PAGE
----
But judging from the team's offseason moves, it was apparent that general manager Howie Roseman and new head coach Chip Kelly believed the bulk of the blame for last season's defensive aerial disaster rested with the back four, and it's hard to disagree.
They let one of their two starting cornerbacks, Dominique Rodgers-Cromartie, walk in free agency, and paid the other one, Nnamdi Asomugha, $4 million to take a hike.
Seven of the Eagles' nine free-agent signings were defensive players, and four of those seven were defensive backs - cornerbacks Cary Williams and Bradley Fletcher, and safeties Patrick Chung and Kenny Phillips. At least three of those four figure to be season-opening starters.
"Last year, it was just an unfortunate year for everyone," said safety Kurt Coleman, who allowed 17.3 yards per catch, the fourth-highest average among NFL safeties who were thrown on at least 10 times.
"A lot of people got exposed. A lot of people didn't play as well as they're capable of playing. I'm not going to make any excuses for the way I played last year. It was just one of those years. You've got to learn from it and keep moving."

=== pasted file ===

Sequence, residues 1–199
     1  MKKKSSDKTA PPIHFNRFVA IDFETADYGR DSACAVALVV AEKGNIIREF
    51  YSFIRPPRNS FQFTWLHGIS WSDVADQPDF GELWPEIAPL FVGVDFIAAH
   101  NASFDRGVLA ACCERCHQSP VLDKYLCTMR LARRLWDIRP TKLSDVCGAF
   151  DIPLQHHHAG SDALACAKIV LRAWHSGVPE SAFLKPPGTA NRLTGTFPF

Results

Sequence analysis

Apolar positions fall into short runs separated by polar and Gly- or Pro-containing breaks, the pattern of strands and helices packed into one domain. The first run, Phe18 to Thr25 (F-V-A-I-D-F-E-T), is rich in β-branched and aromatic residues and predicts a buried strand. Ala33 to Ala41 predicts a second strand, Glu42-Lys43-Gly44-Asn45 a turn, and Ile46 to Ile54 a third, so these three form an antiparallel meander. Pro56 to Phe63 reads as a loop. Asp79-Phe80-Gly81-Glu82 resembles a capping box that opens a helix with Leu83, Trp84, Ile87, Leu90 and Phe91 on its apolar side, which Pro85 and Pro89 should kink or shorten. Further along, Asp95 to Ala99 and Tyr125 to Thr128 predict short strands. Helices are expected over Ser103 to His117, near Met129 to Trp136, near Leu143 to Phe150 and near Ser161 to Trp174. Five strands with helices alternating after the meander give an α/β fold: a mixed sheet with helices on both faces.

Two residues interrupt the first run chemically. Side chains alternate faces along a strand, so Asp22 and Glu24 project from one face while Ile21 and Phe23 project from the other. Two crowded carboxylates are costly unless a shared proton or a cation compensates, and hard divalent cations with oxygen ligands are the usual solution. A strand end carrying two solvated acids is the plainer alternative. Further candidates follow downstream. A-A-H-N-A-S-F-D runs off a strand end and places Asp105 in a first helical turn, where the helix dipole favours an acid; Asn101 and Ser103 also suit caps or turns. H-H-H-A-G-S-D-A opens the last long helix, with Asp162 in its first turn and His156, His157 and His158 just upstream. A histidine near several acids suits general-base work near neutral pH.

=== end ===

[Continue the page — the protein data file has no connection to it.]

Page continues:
Coleman and the Eagles' other safety, Nate Allen, both received bottom-10 ratings in coverage from Pro Football Focus last season.
Former Pro Bowlers Asomugha and Rodgers-Cromartie each gave up five touchdowns passes. Opposing quarterbacks completed 66.7 percent of the passes thrown in Asomugha's direction.
"It was a rough year," said Allen, whose poor play led to a late-season benching. "But it was a learning experience. Like they say, what doesn't kill you makes you stronger. It helps you grow as a football player and helps you grow as a man."